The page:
Psychotherapy teaches us that it is only once the materials harbored in the unconscious are brought to the surface that we are ultimately able to address them and heal them. However, devoid of the proper structures of support, we can get stuck cycling in the trauma instead of moving through it.
Manyof the potential benefits of psychedelics are connected to their ability to shift our consciousness away from the mundane, toward illuminating the sublime. On their journeys, however, psychedelic choosers often discover that crossing the threshold of the neatly constructed conscious mind can lead into murky places of repressed traumas and confronting archetypal experiential scenes. Within festival environments, the Zendo structure has served as the physical place where people can come as they are to be received and supported as they traverse through such landscapes in service of their ultimate healing. Without the support of such dedicated spaces, people experiencing challenging journeys may endure unnecessary burdens, ones that can be exacerbated by their communities’ lack of education about how to best help.
We are building a post-prohibition world. What happens there will be determined by the infrastructure we put into place now. To properly usher in a new paradigm of healing for all on a global scale we are going to need educated communities at all points of engagement.This includes curious seekers, who must understand the risks they are committing to psychologically and physically, including the risks of behavioral changes that can occur. It also includes the communities which are creating the containers that, perhaps unbeknownst to them, are contributing to the experiences of psychedelic journeyers.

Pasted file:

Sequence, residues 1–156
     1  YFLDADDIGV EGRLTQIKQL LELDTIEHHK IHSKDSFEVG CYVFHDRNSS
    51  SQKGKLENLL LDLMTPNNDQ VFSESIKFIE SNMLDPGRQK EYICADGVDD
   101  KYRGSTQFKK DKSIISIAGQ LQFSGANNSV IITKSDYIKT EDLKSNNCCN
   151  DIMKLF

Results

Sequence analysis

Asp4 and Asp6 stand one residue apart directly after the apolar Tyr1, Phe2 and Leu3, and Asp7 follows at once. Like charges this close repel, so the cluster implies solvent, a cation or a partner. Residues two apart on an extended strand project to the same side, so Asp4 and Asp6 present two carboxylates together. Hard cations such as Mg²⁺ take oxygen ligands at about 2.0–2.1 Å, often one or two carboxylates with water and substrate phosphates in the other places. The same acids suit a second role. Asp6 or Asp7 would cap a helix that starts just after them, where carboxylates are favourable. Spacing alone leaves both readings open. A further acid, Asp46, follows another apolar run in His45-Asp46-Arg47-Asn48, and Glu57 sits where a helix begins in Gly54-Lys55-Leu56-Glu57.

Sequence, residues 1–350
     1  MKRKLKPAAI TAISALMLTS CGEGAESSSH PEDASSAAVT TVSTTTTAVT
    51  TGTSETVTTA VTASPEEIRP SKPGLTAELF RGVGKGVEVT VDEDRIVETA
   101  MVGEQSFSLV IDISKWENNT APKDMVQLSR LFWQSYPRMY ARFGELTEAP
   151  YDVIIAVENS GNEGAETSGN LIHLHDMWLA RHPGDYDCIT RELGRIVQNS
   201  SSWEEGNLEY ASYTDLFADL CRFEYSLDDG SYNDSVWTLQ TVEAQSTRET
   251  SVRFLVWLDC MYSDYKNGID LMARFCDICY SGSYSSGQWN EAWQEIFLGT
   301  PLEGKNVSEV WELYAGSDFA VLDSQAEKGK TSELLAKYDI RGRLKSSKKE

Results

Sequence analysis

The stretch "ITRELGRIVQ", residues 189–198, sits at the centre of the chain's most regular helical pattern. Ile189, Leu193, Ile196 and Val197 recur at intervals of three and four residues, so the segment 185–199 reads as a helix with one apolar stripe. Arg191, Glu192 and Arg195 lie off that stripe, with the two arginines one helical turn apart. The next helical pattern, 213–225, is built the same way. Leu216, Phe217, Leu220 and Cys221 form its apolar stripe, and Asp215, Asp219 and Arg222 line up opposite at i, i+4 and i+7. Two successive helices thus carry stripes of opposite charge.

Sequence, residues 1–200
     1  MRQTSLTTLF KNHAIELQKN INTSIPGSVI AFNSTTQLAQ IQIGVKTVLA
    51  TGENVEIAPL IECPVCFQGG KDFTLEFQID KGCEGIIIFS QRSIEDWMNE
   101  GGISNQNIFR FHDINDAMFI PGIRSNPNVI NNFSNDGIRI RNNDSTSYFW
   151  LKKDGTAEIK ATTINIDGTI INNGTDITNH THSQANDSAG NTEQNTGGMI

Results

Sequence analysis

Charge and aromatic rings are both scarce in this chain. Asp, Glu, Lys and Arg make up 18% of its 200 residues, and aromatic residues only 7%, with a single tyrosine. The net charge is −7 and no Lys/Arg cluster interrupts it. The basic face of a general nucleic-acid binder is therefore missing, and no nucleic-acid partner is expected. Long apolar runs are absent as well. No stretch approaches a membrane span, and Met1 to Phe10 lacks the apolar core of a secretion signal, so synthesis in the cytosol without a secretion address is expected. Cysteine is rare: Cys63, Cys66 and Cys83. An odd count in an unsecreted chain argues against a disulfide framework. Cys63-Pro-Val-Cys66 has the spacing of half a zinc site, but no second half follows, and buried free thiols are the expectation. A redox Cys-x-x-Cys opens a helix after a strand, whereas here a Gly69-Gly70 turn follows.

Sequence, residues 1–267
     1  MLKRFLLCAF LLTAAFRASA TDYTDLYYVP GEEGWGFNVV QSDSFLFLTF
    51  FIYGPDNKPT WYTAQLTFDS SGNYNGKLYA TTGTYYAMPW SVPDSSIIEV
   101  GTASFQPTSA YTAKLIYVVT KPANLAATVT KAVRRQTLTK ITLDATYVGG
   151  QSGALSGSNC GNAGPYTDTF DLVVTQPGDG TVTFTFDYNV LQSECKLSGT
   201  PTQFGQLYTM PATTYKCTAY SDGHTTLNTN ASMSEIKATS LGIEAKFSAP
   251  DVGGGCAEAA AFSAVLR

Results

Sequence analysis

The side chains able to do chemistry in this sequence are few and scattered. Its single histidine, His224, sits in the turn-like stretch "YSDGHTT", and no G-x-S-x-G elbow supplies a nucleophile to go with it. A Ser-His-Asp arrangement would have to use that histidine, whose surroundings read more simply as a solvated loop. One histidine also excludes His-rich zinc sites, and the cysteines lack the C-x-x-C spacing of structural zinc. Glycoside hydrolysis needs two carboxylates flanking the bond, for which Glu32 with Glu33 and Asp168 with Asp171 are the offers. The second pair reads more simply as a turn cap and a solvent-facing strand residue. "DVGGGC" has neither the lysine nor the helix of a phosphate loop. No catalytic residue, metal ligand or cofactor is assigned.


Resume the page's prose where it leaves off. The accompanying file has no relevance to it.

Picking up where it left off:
Zendo Project has collected a wealth of information from providing direct service for a decade. In furthering our desire to co-create communities of compassionate care while our cardboard yurt remains in temporary storage, we are transcending the physical space of our structure to contribute to building supportive, informed, and complete containers that can carry forward these gifts and lessons out into the world. With this in mind, Zendo Project has begun to expand and update our curriculum and training, identifying target audiences in various community settings. We are reimagining our signature public training to provide more extensive general psychedelic harm reduction education and meet demand from growing communities of psychedelic explorers. Recognizing campus microcosms, we have also begun to develop a curriculum unique to the needs of the university setting and all its various parts. We are engaged with medical, legal, and mental health professionals to conduct needs assessments which will enable us to precisely devise offerings that bridge the gaps in our constituents’ current understanding and previous training.